As I write this, masses of people of different nationalities and cultures are marching in New York ahead of the UN Climate Summit on September 23. 

Now, New York might be thousands of miles away, but the Summit’s topic and what all these people are marching for are so close to home for us here in Southeast Asia.

We see it in the news constantly: every deadly typhoon, every instance of flood or drought reminds us that we live in one of the most vulnerable regions in the world. Indeed, extreme weather and changing weather patterns—two impacts associated with global warming—are changing our lives.

This is the topic of a policy paper that the A-FAB coalition is launching today in Manila. A-FAB stands for “ASEAN for a Fair, Ambitious and Binding Global Climate Deal.” It is a coalition between Greenpeace, Oxfam and EROPA (Eastern Regional Organization for Public Administration).

This policy brief, entitled “Weathering Extremes: the need for a stronger ASEAN response,” written by one of Myanmar’s foremost meteorologists, takes stock of Southeast Asia’s most extreme weather catastrophes and how much it has cost the region in lives and economic opportunities.

In the past several years Southeast Asia has been visited by some of the worst weather disasters in its history. Think Nargis, Bopha, Haiyan, etc. And think about how experts are saying that this trend is now “the new normal.” If this is the new normal, what will Southeast Asia look like a decade from now, or in 50 years? The world our children will see will be very different from the world we currently live in.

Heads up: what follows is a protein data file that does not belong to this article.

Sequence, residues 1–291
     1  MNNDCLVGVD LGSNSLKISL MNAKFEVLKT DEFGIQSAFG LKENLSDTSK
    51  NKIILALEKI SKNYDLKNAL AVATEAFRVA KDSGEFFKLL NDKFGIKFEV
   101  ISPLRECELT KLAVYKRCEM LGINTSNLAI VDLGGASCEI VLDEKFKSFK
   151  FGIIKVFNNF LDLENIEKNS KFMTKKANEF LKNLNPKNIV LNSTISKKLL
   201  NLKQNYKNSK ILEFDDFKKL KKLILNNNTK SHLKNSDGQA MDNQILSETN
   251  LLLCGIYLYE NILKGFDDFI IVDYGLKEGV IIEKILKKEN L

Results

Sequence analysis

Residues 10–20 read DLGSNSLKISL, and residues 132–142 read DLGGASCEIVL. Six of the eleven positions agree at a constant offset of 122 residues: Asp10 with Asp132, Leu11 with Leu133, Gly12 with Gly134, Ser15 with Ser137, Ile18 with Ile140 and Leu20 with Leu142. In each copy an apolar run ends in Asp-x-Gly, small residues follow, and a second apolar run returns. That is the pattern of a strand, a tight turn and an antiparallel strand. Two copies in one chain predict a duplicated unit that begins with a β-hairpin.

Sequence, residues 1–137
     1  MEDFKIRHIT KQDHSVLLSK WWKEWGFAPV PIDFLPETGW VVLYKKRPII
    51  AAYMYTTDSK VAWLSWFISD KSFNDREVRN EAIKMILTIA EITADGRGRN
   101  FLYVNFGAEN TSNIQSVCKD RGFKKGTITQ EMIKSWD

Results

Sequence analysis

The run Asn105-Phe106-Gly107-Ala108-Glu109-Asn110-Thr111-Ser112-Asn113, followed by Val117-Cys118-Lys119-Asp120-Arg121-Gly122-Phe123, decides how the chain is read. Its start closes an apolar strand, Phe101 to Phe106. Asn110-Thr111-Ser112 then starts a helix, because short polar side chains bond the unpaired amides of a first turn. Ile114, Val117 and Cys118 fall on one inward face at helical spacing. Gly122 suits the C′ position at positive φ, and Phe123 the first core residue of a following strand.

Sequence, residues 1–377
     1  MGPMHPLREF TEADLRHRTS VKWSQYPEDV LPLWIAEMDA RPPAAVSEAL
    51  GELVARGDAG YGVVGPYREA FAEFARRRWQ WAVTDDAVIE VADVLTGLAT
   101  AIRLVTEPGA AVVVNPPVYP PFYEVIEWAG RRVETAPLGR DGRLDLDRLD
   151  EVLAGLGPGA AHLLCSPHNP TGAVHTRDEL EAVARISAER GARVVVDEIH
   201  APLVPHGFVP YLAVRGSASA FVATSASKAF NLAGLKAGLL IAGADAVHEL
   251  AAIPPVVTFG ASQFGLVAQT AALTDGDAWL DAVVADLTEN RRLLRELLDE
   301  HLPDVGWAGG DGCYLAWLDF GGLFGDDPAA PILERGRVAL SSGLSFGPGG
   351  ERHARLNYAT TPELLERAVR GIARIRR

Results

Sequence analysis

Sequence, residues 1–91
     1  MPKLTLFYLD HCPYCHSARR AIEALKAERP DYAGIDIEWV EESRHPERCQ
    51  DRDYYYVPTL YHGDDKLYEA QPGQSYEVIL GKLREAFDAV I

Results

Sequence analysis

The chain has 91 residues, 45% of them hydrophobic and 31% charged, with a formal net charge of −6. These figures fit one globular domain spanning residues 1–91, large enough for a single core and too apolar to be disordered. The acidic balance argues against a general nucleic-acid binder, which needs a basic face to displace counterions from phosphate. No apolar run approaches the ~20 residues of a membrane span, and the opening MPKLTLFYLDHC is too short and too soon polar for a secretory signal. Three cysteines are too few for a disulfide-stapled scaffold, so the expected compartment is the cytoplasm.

According to a 2012 report by the International Bank for Reconstruction and Development and The World Bank on the average, Southeast Asia suffers damage in excess of USD $4.4 billion from natural hazards annually, an amount greater than 0.2 percent of regional GDP. Natural disasters in Southeast Asia are mostly weather- and water-related, and the incidence of deaths from such disasters is very high.

But it’s not just extreme weather that outs our region at risk. It’s also what is called slow onset climate impacts: things like sea level rise, ocean acidification and increasing temperatures, which affect our fresh water supply, our agriculture and our fisheries—in short, our sources of food.

But is there hope for us who live here? Yes, of course. How? To paraphrase the tagline of the People’s Climate March: to change everything, we need the entire ASEAN on board.

This means we need an ASEAN that:

  • works together toward low carbon and sustainable community building with policy support that favors renewable energy over fossil fuels;
  • helps member countries become more climate-resilient with adaptation projects;
  • takes a unified approach in dealing with climate change with harmonized policies at the national level;
  • develops a regional framework and plan of action on adaptation in agriculture; and
  • raises its voice in the United Nations Framework Convention on Climate Change (UNFCCC) in articulating the impacts of climate change in the region, and in pushing for a fair, ambitious and binding global climate deal.

As ASEAN citizens, what can we do to make this happen?

The best thing we can do right now it to let our voices be heard. The People’s Climate March is an example of how citizens are mobilizing in an international scale to reach international leaders.

Here in Southeast Asia, you can join the ASEAN People For Climate Action, an online mobilization of people throughout our region. Join us in calling for “actions—not words” so that together we can move the ASEAN to ensure a secure and resilient future for our part of the world.

Read the full policy brief here.

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Atty. Zelda DT Soriano is a former professor of political and environmental laws, and a consultant on policy reform advocacy, Atty. Soriano serves as Political Advisor for Greenpeace Southeast Asia.